His admirers have wondered why he threw that rock. My guess is that his action sprang from the severe contradictions at the core of his life.
He's an intellectual who has often defended the PLO, which is anti-intellectual on principle: As soon as it acquires a little power it closes down discussion. A harsh critic of the West, he has nevertheless lived in the West for half a century, as part of that most characteristically Western of all institutions, a liberal university; it would be impossible to imagine his ideas and books being produced anywhere except the West. This must involve a certain guilt. Should someone dedicated to the oppressed of the Third World be enjoying all the pleasures and freedoms of a brilliant New York career? Perhaps rock-throwing was an impulsive groping for expiation.
There's always been something a little suspicious in the way he handles criticism, as if he wasn't entirely sure of his arguments. He's no better when facing sophisticated opponents than he was with that angry historian.
The truth is, he's a thought-disturber who doesn't like to have his own thoughts disturbed. He deals with the criticism of Bernard Lewis, the academic author of many superb books on Arab history, by calling him a "publicist." And Said is not above trying to evoke our pity, as when he looks back on "my lonely fight on behalf of the Palestinian cause."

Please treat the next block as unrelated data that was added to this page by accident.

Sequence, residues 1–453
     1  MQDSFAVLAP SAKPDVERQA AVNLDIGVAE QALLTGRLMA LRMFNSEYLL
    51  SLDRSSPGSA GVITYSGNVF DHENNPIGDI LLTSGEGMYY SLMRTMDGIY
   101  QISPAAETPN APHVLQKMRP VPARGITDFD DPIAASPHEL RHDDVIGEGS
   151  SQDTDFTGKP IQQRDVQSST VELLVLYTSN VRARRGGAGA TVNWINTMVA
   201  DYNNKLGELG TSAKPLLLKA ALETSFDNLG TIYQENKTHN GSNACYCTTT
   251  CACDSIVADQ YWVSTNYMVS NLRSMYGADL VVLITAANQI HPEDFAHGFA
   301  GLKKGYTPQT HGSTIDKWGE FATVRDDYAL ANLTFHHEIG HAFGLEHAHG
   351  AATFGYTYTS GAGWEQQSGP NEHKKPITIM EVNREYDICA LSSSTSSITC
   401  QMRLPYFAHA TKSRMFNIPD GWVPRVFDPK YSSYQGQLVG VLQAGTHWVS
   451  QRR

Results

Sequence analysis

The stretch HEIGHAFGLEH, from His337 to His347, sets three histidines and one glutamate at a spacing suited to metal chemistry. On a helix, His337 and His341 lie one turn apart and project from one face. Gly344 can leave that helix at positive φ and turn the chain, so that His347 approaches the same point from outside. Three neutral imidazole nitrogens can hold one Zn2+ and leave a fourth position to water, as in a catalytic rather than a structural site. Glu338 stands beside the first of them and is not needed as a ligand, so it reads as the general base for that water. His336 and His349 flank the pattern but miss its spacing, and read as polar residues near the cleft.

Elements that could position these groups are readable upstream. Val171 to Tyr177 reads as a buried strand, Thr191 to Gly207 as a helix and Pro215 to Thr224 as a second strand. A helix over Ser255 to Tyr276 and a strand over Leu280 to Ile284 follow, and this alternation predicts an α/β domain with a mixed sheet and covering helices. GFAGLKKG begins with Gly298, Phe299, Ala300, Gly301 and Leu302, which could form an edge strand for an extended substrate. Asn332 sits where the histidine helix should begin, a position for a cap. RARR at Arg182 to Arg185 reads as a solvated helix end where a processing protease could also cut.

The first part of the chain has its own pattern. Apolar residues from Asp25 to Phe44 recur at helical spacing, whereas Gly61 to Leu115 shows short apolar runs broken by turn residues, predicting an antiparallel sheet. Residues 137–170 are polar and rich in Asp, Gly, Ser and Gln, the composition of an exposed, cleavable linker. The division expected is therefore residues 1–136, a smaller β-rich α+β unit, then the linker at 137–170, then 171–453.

He's a man of great natural charm who often feels called upon to suppress his charm in print, lest it undermine his seriousness of purpose. But most of Reflections on Exile and Other Essays emphasizes his sophisticated and ingratiating side. He writes about Bach, about Hemingway and bullfights, and about the charms of the Cairo where he grew up. In "Homage to a Belly Dancer" he describes meeting in her old age one of the great sex symbols of his youth, Tahia Carioca, who danced at King Farouk's wedding in 1936 and went on to make more than 200 movies.
One of Said's great heroes is Glenn Gould: "He played every piece as if he were X-raying it, rendering each of its components with independence and clarity." When Said goes to visit another of his heroes, Gillo Pontecorvo, the director of The Battle of Algiers and other films, he interrupts a discussion of political cinema to note one of Pontecorvo's musical enthusiasms. "J'adore Gould," says Pontecorvo.
In perhaps his most memorable piece, "Jungle Calling," Said claims that Tarzan, as Johnny Weissmuller played him in a dozen movies, is one of the noble figures in pop mythology and should be revived and celebrated. Said finds in Weissmuller's face a story of stoic deprivation and sees Tarzan as an immigrant, "vulnerable, disadvantaged, and ... pathetic." He thinks Hollywood unintentionally created Tarzan as "a forlorn survivor ... a permanent exile."
Said's eloquent essay turns out to be criticism as psychological projection. Writing about Tarzan, he tells us how Said, in moments of reverie, sees Said.